AW: [OT]h.264 alternatives

Tiemo Hollmann TB toolbook at kestner.de
Mon Jul 24 09:54:34 CEST 2017


Last year I asked Sorenson media if I have to pay license fees, using the h.264 codec and got the following answer from Sorenson:
"No, you do not need to pay any license fees to use any codecs included in Squeeze. Sorenson Media pays any license fees necessary for all the codecs contained in Squeeze. Once you have encoded your video with a licensed product, like Squeeze, you will never need to pay any licensing fees again."
I assume that’s the same using other compressing tools
Tiemo


-----Ursprüngliche Nachricht-----
Von: use-livecode [mailto:use-livecode-bounces at lists.runrev.com] Im Auftrag von Colin Holgate via use-livecode
Gesendet: Mittwoch, 19. Juli 2017 21:58
An: How to use LiveCode <use-livecode at lists.runrev.com>
Cc: Colin Holgate <colinholgate at gmail.com>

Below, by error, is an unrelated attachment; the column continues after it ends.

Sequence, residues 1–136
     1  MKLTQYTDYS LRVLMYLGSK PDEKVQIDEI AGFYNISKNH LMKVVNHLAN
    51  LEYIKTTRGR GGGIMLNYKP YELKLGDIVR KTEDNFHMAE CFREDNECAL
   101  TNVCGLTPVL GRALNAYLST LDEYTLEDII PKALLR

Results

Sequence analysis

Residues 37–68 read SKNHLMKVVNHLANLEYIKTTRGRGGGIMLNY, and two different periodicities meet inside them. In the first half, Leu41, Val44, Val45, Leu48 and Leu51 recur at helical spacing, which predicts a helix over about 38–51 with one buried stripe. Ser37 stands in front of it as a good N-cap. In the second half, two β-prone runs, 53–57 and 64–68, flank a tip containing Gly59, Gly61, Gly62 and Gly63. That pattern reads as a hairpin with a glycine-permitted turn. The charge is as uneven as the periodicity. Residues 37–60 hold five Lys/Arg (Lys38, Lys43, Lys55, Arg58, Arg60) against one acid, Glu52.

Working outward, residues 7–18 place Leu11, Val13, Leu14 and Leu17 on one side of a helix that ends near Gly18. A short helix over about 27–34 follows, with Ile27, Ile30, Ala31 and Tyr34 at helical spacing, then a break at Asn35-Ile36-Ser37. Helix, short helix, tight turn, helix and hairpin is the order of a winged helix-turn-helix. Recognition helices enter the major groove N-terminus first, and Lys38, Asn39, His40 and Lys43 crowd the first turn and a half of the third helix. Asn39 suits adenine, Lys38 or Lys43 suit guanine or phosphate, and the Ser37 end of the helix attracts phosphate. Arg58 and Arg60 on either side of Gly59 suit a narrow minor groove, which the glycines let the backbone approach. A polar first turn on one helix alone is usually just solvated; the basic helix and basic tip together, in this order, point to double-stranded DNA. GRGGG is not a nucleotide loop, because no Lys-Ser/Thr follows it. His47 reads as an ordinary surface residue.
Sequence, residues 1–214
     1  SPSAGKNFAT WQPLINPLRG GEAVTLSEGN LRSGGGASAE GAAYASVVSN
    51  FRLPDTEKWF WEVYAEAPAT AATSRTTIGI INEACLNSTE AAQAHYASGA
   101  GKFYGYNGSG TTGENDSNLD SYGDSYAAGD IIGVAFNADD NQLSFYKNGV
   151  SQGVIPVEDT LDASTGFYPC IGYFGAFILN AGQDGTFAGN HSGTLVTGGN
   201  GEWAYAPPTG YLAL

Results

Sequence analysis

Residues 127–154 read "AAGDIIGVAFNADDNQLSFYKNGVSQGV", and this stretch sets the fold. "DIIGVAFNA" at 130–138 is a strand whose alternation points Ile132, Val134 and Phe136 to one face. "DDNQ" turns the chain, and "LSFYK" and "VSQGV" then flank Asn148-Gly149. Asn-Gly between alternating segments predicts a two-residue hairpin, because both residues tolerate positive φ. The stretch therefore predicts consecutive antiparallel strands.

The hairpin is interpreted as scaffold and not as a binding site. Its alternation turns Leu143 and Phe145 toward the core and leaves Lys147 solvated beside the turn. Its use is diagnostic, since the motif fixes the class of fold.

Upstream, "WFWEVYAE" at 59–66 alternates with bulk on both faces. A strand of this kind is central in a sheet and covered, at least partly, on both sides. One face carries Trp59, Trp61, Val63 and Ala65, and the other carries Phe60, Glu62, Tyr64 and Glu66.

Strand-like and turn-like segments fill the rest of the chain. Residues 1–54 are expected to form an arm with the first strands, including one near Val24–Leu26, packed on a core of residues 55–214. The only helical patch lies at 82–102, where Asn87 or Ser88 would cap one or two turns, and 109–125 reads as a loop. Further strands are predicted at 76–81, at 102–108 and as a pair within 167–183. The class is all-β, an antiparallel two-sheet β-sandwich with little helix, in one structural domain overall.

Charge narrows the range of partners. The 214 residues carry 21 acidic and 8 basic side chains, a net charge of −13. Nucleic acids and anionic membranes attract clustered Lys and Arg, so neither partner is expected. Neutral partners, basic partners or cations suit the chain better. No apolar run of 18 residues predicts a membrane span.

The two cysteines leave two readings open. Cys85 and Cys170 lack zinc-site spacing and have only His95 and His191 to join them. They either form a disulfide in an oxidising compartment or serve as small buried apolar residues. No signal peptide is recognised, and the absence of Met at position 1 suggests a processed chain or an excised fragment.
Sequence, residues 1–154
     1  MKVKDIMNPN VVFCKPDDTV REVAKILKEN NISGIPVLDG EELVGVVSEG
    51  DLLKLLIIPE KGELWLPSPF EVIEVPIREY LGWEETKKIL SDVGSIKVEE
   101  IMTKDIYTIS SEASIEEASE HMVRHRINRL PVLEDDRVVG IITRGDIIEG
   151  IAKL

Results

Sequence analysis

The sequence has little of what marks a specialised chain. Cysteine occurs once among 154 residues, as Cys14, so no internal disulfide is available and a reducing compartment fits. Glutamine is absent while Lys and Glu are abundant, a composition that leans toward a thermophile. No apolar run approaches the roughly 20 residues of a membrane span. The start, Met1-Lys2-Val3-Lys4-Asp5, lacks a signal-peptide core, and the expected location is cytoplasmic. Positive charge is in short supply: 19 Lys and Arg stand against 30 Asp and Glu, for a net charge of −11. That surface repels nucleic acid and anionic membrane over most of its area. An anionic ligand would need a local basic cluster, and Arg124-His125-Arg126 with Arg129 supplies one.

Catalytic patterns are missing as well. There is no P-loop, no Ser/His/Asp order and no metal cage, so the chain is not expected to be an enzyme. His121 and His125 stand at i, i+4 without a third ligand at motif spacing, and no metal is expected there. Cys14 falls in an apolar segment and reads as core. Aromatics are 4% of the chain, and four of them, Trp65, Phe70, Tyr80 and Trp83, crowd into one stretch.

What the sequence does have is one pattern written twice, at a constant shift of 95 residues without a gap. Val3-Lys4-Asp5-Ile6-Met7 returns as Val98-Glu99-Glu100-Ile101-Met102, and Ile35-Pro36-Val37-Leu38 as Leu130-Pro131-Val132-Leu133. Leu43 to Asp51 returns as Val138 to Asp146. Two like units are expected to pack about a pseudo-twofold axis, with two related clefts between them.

Betreff: Re: [OT]h.264 alternatives

Are you sure that a license is needed for H.264 playback? That could seriously impact the viability of YouTube or Vimeo, if all users had to pay a license fee.

My hope is that the license is just paid by the encoder tool maker. If you’re using Adobe Media Encoder you don’t have to pay a license, Adobe already did.

In the hope that playback doesn’t involve paying a fee, you could use non-H.264 encoders that make videos that are played back by anything that can handle H.264. That might allow you to use your own tool without a license fee, and still make videos that can play back everywhere.

Here is an article that talks about how to solve a gamma/contrast issue that happens with most H.264 encoders:

https://myth.li/2010/07/how-to-fix-the-h264-gamma-brightness-bug-in-quicktime/

The solution they have is to use an x264 encoder, and the article has links to a QuickTime component, so that you could export to x264 from anything that uses QuickTime. The results are better looking than regular H.264.

> On Jul 19, 2017, at 12:37 PM, Richard Gaskin via use-livecode <use-livecode at lists.runrev.com> wrote:
> 
> Seems most folks use h.264 for encoding video, but being patent-encumbered it requires negotiating a license with MPEGLA for commercial use.
> 


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